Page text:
A Displaced Piece of Writing

After reading an intense tale of a man who passes away with an unbidden tumor in his brain and leaves his family behind, I wrote a short piece describing what the daughter and mother do following his death. The daughter is an alcoholic who, in the story that I wrote, develops a tumor similar to her father’s and dies.

As the wife and the daughter the man who passed pulled out of the funeral, silence quickly commenced upon their car. The wife began to recall all of the nefarious actions the daughter had committed since she came to live in their place. As the car continued over several bumps in the road, the wife’s thoughts were interrupted by an unexpected request.

            “Can you drop me off out here?” the daughter inquired, gesturing to this long stretch of empty road with scattered stores in the area. When the wife questioned her, she began to speak about how she didn’t want to stay in their abode anymore, and that she had rented out an apartment nearby that she would be staying in from then on. It was a suspicious answer, but nevertheless the wife let the daughter get out and trudge down the sidewalk. After staring at her for a few seconds, the wife pulled away, once again overcome with her own thoughts.

            The daughter walked through the swathe of concrete and eventually entered a recognizable bar, near-vacant. The tavern, similar to the street it was on, had few people in it. As the bartender poured her a glass of mediocre beer, she began to feel drowsy and overcome with exhaustion. She soon drowned away her sorrows and the tarnish left on her mind by the funeral, allowing her thoughts of her father to eventually dissolve. A full hour later, a taxi was called and she was driven back to her father’s home. The wife would be surprised, yes, but the daughter would have a place to stay.  Her lie would surely be forgiven and forgotten.

            After paying the driver, the daughter gingerly stepped out of the cab and began to drunkenly stagger towards the door in front of her. Soon enough, some unseen nefarious object got into her way and obstructed her leg. She stumbled and fell, cracking her head onto the pavement not one yard away from the front door to haven.


            The beeping of the emergency room’s machines awoke her. Everything seemed blurry, similar to a hangover without the constant puking sensation. Sporadic thoughts came to the daughter, one with the inquiry if her father had heard these noises at the time of his incident.

            As she looked to her right side, she noticed the woman sitting in the chair next to her bed. The wife cradled her head in her hands, with occasional tears dripping through.

            “There’s some bad news,” she said after noticing that the daughter was awake and watching her. Her demeanor was finally giving out; her husband was dead. What could be worse?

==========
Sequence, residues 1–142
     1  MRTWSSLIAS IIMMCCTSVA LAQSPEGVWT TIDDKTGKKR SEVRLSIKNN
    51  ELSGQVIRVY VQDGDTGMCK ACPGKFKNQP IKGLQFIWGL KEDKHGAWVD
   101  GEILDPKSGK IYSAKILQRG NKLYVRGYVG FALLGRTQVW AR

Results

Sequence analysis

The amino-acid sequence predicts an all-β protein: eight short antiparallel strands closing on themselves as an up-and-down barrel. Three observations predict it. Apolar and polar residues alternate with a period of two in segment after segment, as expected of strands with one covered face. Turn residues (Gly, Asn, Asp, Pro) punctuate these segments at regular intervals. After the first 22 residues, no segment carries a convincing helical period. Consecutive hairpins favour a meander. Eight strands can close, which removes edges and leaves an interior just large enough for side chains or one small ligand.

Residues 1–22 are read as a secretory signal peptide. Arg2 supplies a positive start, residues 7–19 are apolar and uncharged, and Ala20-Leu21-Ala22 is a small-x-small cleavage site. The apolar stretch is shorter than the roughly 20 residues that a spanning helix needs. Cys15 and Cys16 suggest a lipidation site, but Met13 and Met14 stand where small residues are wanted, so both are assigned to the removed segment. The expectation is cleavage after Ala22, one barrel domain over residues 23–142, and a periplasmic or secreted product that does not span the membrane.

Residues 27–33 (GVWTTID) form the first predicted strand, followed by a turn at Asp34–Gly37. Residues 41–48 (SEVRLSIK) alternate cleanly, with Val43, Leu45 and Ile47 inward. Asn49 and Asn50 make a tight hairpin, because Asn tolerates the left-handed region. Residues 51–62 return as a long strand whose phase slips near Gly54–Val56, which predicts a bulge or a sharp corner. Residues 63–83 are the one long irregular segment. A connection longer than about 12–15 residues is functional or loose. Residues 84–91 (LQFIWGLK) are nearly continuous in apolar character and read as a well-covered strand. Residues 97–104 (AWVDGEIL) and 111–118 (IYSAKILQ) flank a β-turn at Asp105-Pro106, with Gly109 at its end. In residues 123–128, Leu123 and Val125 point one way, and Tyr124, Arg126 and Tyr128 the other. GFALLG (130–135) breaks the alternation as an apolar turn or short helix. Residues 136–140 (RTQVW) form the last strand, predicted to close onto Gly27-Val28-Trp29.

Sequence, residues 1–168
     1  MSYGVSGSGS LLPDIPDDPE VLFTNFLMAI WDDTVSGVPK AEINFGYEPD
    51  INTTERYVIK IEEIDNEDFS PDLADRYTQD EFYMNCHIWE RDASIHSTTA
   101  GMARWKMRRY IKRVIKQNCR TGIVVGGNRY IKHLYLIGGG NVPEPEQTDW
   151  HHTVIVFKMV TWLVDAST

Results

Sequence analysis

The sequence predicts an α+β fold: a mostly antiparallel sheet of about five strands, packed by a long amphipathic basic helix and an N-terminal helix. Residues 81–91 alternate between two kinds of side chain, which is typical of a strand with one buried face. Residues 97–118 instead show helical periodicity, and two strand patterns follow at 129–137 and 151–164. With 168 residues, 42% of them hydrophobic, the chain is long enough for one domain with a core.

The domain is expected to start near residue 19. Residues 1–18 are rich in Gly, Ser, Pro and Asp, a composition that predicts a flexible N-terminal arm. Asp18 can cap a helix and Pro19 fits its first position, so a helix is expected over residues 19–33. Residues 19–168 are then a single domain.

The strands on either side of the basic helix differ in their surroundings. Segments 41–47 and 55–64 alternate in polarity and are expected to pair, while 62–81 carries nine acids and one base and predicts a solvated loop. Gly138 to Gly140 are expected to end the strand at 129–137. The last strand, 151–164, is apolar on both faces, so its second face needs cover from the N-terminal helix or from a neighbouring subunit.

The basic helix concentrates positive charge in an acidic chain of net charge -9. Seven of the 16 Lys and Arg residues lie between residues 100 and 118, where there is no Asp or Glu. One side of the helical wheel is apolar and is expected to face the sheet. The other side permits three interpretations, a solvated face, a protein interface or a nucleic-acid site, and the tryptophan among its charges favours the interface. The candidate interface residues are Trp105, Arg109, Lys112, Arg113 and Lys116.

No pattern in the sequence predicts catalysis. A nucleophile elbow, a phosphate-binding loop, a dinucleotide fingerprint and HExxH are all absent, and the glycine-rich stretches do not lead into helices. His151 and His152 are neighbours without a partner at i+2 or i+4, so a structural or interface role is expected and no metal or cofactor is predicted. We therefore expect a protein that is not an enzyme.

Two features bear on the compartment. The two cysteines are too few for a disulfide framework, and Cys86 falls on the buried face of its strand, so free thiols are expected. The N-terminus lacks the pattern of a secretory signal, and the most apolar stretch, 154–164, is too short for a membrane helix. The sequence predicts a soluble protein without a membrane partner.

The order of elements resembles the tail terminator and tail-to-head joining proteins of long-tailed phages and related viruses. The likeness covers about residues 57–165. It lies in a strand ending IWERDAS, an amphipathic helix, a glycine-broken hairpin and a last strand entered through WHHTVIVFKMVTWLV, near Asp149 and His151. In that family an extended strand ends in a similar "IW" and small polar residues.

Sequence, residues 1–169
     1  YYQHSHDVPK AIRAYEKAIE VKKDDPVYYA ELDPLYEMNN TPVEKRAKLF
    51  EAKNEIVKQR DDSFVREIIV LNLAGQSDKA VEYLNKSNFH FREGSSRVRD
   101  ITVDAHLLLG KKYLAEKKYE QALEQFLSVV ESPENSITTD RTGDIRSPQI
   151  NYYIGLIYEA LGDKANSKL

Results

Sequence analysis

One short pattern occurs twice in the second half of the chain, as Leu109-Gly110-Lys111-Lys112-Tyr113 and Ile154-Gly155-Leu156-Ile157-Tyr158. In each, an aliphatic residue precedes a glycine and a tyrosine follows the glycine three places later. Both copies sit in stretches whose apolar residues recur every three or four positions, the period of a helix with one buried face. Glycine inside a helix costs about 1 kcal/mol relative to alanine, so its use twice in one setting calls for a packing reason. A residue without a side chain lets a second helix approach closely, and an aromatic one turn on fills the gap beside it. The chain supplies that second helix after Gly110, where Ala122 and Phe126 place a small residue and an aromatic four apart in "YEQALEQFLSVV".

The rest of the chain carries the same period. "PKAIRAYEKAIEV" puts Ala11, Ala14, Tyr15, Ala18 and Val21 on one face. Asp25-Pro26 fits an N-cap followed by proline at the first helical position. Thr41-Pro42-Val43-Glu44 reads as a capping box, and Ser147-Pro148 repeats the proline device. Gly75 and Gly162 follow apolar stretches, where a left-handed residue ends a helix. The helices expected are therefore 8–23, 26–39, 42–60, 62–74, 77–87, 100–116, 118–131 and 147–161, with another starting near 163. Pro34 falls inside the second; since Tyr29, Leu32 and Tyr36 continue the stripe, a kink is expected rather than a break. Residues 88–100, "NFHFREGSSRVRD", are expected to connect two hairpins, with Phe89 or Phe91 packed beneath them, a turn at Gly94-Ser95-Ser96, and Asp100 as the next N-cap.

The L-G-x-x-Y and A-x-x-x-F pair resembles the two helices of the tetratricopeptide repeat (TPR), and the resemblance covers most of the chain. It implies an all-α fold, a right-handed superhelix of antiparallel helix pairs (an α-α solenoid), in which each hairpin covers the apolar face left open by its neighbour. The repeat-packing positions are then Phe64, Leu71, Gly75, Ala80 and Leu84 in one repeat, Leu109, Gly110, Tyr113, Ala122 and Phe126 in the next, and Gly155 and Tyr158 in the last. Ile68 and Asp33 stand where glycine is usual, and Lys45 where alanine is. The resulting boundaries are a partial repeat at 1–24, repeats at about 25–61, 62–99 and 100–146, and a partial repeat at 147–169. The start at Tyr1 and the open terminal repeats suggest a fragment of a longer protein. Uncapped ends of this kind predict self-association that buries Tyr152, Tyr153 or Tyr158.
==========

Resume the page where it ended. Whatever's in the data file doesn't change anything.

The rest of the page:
“What is it? Is it medical? I think I may have a concussion,” the daughter spoke, the haziness forcing her head back onto the pillow. She tried to speak more, to even offer comfort to the wife, but her breath suddenly shortened and she was forced to halt speaking.

            “You’ve got a tumor. Similar to your father’s, if not worse. A stage two, called….” The daughter stopped listening instantly as her mind convulsed again. The same death-kissed illness her father had carried in his cursed brain, the same that caused him to perish. Now she was about to feel it kill her.

            “The doctors are saying it’ll soon become pretty painful. You’re on heavy medication now that you’ve been flushed of alcohol.” Her brain tuned back into the current state, and she listened to the current conversation. Eventually a doctor entered the room and shooed the wife away. She called out to the daughter for one final time, and told her that she was sorry and she should’ve taken better care of her after the funeral had ended, left the room and presumably the hospital itself to leave the daughter to her own pondering.

            The doctor told her she had a few choices. She could leave the room after the medication wore off, she could stay and live for around a month until she died a painful death, or she could choose to end her own life.

            The daughter viewed the options as these: she could escape the confinement and live with lesser drugs until the pain became too much, or she could draw out her death and suffering to the very last moment. Or, she could meet her father and take back the false words of “making up for six years in six months”.

            As another sharp pain entered her mind, she told the doctor with a slight shriek her choice. “Kill me,” the daughter gasped, “End my life today. I have nobody.”

            Nearly two hours later, her vision began to fade and the controlled poison entered her veins and body. Her eyes shot open one last time, and her last thought was of the uncanny resemblance between the doctor and her father standing over her.



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